In my last post I detailed the scams and lies of social media famous wellness influencers. What I only touched on were the dangerous ideologies that many groups within the wellness industry promote and spread through social media communities. How can meditation groups become anti-vaxxers? What’s the link between sustainable living and white supremacists? Why is your physio spouting anti-Semitic “New World Order” conspiracy theories? These disturbing views are decades, even centuries old. The difference now is that speed and scale of their spread. Social media’s complete lack of regulation means anyone can spread and view these dangerous ideas and breed hate and division all over the world.

This form of radicalisation can easily happen to anyone.

Some are just looking for an informed and supportive community:

A popular topic of discussion online over the last year or two has been the ‘crunchy’ to alt-right pipeline on social media. ‘Crunchy’ is an adjective used to describe someone who leads an altered or alternative lifestyle with a focus on nature and the environment. They may also be known as ‘granola’ mums. Lifestyle choices can range from eating home-grown or local produce; avoiding harmful chemicals and using natural cleaning supplies; incorporating natural remedies and traditional medicine into daily life; forming bonds with nature and community. Wholesome right? It’s especially attractive to parents who want to raise healthy, fulfilled children, but are facing a world of pollution and environmental destruction. There’s also the need to escape the guilt. Parental guilt has also been bread by social media, as every choice about raising children is ruthlessly and publicly scrutinised and attacked.

So maybe they’ll dip their toes into crunchiness. Switch to natural fiber clothing only. Start buying organic. Raise their kids with wellness and nature in mind. There’s nothing wrong with that. The next issue is the algorithm though. Once you’ve shown an interest in ‘natural living’ you’ll be fed related content. Then you’re into the slightly more concerning world of ‘trad-wives‘ and doubting the safety of vaccines. How long before the inevitable rabbit hole? QAnon conspiracies and eco-fascism doesn’t seem so crazy with the correct recruitment methods. The more crazy and inflammatory the social media content, the more the algorithm will spread it. Social media platforms can’t (or won’t) combat it.

Others just want some peace in this increasingly tumultuous world:

There have been numerous reports of alt-right views emanating from yoga, meditation and other “spiritual” groups. There’s even a word for it: Conspirituality. This is the blending of alt-right conspiracies with spiritual teachings and practices. Often the leaders of these groups, whether online or in person, are influential and charismatic, and garner quite the following. Or, conspiracies can spread throughout groups quickly because of the trusting environment and tight-knit relationships that they foster.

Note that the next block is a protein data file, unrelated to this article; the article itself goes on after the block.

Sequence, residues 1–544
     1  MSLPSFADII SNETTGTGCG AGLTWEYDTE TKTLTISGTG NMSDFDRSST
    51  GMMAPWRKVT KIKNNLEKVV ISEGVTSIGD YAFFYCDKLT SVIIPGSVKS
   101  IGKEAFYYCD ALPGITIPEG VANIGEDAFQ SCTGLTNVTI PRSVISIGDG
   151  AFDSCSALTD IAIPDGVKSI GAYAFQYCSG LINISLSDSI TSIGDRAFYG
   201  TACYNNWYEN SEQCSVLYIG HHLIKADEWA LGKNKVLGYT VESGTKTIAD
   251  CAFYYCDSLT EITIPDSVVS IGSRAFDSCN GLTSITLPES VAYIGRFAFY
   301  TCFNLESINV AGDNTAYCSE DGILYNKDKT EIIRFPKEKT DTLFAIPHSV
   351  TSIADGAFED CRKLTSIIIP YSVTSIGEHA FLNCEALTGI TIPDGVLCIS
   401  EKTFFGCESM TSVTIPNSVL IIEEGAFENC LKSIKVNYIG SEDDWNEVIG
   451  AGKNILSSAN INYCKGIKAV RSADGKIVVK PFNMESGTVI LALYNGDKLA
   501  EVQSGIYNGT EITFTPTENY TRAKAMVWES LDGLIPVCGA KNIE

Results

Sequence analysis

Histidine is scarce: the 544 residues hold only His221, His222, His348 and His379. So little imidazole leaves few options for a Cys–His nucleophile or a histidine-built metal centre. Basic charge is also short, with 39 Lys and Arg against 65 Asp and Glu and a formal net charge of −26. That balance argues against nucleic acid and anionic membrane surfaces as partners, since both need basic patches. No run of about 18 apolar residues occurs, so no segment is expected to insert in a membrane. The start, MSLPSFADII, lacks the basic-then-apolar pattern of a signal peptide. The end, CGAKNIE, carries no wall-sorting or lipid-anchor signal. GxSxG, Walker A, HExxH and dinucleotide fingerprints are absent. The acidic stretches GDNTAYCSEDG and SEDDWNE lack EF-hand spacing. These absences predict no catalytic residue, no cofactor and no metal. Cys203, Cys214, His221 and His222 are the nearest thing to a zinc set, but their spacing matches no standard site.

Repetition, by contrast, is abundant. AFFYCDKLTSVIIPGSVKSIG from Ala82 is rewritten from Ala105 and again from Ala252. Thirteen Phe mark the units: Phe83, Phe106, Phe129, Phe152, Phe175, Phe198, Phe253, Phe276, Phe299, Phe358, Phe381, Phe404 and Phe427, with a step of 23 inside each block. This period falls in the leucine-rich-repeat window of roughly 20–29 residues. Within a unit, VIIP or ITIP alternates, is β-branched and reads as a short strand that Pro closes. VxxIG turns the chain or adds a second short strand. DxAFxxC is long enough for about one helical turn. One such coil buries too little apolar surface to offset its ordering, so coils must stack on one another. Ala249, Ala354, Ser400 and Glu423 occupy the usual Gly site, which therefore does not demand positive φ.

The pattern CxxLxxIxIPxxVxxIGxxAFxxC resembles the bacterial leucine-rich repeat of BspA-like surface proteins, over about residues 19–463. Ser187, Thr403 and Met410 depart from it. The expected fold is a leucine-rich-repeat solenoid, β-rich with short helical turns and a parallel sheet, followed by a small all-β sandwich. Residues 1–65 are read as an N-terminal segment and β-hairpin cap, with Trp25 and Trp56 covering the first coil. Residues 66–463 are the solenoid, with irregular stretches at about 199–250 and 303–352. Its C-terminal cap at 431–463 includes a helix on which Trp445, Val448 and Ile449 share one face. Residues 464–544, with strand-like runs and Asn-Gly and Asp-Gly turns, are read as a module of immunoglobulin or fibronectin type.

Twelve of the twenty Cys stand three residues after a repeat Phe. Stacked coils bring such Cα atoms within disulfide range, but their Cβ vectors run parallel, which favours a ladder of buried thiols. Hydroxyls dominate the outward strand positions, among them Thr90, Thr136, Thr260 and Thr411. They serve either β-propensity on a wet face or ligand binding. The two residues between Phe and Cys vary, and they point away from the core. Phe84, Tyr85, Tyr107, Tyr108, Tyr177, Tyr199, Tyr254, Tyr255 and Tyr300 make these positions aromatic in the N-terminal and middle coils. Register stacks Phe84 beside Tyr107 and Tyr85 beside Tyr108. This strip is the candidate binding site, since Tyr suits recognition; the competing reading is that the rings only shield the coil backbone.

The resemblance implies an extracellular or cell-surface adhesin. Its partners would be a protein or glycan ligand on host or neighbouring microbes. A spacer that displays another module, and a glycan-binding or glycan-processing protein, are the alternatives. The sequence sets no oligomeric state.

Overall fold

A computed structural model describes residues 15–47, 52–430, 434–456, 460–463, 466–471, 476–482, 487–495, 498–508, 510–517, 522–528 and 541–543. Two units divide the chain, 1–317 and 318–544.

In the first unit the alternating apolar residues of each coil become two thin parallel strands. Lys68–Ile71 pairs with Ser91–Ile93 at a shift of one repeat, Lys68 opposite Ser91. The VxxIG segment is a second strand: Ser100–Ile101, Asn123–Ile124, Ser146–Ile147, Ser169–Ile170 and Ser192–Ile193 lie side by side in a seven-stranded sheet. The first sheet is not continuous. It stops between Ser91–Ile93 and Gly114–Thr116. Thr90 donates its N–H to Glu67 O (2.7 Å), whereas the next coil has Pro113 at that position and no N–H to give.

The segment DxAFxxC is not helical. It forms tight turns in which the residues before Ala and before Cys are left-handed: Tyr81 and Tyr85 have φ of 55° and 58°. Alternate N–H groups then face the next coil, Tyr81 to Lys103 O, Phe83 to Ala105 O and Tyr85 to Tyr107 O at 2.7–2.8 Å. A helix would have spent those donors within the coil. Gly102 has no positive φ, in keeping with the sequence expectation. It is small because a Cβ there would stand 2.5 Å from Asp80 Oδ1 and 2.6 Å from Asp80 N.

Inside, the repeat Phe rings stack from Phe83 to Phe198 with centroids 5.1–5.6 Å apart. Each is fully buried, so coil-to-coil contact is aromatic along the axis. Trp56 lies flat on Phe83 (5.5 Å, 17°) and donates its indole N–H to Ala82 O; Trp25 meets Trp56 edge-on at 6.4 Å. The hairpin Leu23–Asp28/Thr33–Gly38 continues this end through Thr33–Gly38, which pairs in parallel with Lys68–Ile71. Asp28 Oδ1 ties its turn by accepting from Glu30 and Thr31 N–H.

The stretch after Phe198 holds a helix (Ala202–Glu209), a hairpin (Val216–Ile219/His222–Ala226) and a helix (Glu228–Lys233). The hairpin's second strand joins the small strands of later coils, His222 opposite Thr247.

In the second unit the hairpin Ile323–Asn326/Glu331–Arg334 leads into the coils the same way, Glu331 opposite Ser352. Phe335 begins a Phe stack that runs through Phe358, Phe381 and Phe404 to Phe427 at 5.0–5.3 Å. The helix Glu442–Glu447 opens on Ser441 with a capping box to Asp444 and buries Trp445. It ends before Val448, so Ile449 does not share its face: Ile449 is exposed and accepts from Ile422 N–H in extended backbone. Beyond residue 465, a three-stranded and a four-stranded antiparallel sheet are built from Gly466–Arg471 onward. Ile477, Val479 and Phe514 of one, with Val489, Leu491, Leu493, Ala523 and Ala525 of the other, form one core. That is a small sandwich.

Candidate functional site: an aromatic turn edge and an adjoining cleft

Crunchy/Spiritual views have been held by the far right for over a century.

In 19th century Germany, ideas linking naturalism and nationalism were already taking root. It created a drive to turn away from urbanism and modernity and return to the purity of the land so that “Germany remains German“. These ideas were eventually used by the Third Reich to promote their anti-Semitic ideals.

Skip ahead a few decades to the 70s and 80s and we see these same ideas of nature as purity, health and independence re-emerge in the white-power movements in the US. Women especially in these groups promoted ‘crunchy’ behaviour combined with their “traditional” values. The Atlantic article ‘The Crunchy-to-Alt-Right Pipeline’ describes how a white-power group used ‘hippie’ publications’ personal ads to find each other. This is exactly the same thing that is happening now with the wellness industry. Alt-right groups using innocent alternative lifestyle ideas to promote their own insidious messages. Except this time, with the medium being social media rather than niche magazines, the scale is enormous and the damage even more so.

Social media and the pandemic opened the floodgates and made these views almost mainstream.

These are two massively world altering events that have allowed conspiracies to more easily take root in people’s minds. Human society was not prepared for the effects of the sudden arrivals of a pandemic and a life online. Other major pandemics, such as the 1918 Spanish flu pandemic, also had conspiracy and mistrust of scientific authorities circulating around it. These ideas however didn’t have the ability to spread as fast or as far as the Covid-19 ones. It was the combination of our social media-based communication methods now and the pandemic that has caused our current large-scale conspiracy theory mania.